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UBC Theses and Dissertations

The concept and presentation of love in Jane Austen Anderson , Judith

Abstract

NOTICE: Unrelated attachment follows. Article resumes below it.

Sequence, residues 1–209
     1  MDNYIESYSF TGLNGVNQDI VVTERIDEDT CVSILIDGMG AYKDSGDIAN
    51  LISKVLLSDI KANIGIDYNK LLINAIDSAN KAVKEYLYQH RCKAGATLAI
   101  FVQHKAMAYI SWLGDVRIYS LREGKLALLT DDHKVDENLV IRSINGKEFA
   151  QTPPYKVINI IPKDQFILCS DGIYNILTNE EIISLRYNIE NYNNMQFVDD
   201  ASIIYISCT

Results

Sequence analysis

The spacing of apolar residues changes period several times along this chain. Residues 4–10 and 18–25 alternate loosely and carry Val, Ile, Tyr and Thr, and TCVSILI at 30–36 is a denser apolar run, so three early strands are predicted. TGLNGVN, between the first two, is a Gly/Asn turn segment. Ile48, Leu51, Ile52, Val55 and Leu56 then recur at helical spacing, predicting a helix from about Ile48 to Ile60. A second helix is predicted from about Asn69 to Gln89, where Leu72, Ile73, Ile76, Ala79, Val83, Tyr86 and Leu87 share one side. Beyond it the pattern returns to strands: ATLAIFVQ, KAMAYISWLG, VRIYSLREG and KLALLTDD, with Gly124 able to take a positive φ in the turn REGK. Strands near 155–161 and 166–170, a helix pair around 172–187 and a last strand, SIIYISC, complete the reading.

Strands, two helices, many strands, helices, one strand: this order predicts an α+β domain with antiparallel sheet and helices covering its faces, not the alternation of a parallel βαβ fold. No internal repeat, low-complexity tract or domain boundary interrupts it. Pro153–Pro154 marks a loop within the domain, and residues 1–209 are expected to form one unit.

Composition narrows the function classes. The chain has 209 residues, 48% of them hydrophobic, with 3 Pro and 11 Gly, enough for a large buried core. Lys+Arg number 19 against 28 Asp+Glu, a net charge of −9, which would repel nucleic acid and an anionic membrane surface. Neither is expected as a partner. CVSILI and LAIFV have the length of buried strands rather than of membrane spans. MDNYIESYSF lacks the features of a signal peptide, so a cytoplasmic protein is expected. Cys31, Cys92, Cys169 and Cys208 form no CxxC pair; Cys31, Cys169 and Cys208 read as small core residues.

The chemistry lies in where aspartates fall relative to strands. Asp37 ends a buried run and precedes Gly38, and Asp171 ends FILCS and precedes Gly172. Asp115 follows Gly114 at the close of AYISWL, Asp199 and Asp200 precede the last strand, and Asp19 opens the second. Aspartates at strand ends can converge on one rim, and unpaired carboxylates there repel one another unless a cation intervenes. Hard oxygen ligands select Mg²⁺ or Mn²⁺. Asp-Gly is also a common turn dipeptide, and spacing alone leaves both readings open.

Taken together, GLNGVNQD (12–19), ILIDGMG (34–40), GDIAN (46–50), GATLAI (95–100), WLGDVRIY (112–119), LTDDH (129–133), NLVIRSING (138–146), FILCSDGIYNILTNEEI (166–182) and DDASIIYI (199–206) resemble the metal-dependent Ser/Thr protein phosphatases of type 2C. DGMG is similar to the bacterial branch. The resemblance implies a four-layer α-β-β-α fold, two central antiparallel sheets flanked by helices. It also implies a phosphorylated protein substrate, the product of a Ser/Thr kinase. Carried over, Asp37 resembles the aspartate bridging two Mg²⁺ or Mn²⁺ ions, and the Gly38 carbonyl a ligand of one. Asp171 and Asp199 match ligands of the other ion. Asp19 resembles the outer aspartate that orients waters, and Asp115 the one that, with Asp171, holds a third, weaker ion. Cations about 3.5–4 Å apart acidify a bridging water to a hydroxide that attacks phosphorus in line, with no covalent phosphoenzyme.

Critics of Jane Austen can be divided into three groups. The first group, which includes W. H. Helm, Sheila Kaye-Smith and G. B. Stern regards Marianne Dashwood as Jane Austen's only passionate heroine. Her other heroines are condemned for their common sense by these critics, who contend that love is an irrational phenomenon. Love and reason, they believe, are mutually exclusive. Jane Austen saw love as a marriage of these two facets of man's being. Aware of its duality, at once both emotional and rational, she saw the inadequacies (and dangers) of "love" which based itself solely on passion. Mr. Bennet is one of Austen's examples of a man who has failed to assess his chosen mate intelligently, and his subsequent life with her demonstrates the deficiency of a concept of love which does not involve use of the mind as well as of the heart. For Jane Austen, "to feel" was not enough. Marianne Dashwood, her so-called "passionate" heroine, is not meant to be admired, but is a satiric target, for Marianne despises any use of reason in the process of falling in love. For Jane Austen, she represents the antithesis of genuine love. The second group, among them Charlotte Brontë, Virginia Woolf, and Marjory Bald, sees no passion at all in Jane Austen's novels. They are considered to be "dry", "dusty", and superficial, and are said to ignore "[v]ice, adventure, passion." It is undoubtedly the subtlety of their presentation which has misled the critics. Jane Austen's sensitive artistry precluded a lengthy exposition of feeling. She provides us with the material necessary to complete the picture by suggesting and leading up to the direct expression of emotion, rather than expressing the emotion itself. The presentation is in fact an extension of her concept, for the truly passionate have not the capacity for facile articulation. Intense emotions cannot be easily expressed. The interplay of surface tensions conveys the strong undercurrents of emotion. Jane Austen's evocative technique reveals their existence, but neither she nor her best characters will wallow in the sensational slough which is thought by many to be the proper resting place for the passionate. The third group, whose first spokesman was Sir Walter Scott, and whose current advocate is Marvin Mudrick, views the marriages of Jane Austen's heroes and heroines as financial mergers, and not as unions of love. Her recognition of the economic pressures operating on her characters is misinterpreted, and seen as endorsement. Jane Austen was, in fact, extremely concerned with the fate of women in her society. Her concern involved a reconsideration of that society's basic values. Jane Fairfax, Miss Bates, and the Watson sisters are some of her sympathetically-treated symbols of the economic and social vulnerability of women in the late eighteenth and early nineteenth century. Jane Austen does not believe that personal happiness should be subjected to financial considerations. She does show some of her characters succumbing to economic pressures. But they are censured within the novels, and her most admirable people never capitulate. Common to all of these groups is a misinterpretation of, or failure to understand, Jane Austen's concept and presentation of love. Using Jane Austen's novels and letters, this paper will attempt to correct the misinterpretations.

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